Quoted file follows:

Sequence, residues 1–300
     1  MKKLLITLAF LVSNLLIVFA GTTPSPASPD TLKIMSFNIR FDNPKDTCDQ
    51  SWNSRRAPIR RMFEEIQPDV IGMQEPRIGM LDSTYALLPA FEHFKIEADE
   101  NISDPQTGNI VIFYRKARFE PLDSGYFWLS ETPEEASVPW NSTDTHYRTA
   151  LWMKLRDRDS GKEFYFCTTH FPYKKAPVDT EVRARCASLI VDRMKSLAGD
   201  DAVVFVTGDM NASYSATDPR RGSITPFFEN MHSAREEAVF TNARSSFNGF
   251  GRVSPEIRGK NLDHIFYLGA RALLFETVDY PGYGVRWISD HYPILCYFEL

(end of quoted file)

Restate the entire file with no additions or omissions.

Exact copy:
Sequence, residues 1–300
     1  MKKLLITLAF LVSNLLIVFA GTTPSPASPD TLKIMSFNIR FDNPKDTCDQ
    51  SWNSRRAPIR RMFEEIQPDV IGMQEPRIGM LDSTYALLPA FEHFKIEADE
   101  NISDPQTGNI VIFYRKARFE PLDSGYFWLS ETPEEASVPW NSTDTHYRTA
   151  LWMKLRDRDS GKEFYFCTTH FPYKKAPVDT EVRARCASLI VDRMKSLAGD
   201  DAVVFVTGDM NASYSATDPR RGSITPFFEN MHSAREEAVF TNARSSFNGF
   251  GRVSPEIRGK NLDHIFYLGA RALLFETVDY PGYGVRWISD HYPILCYFEL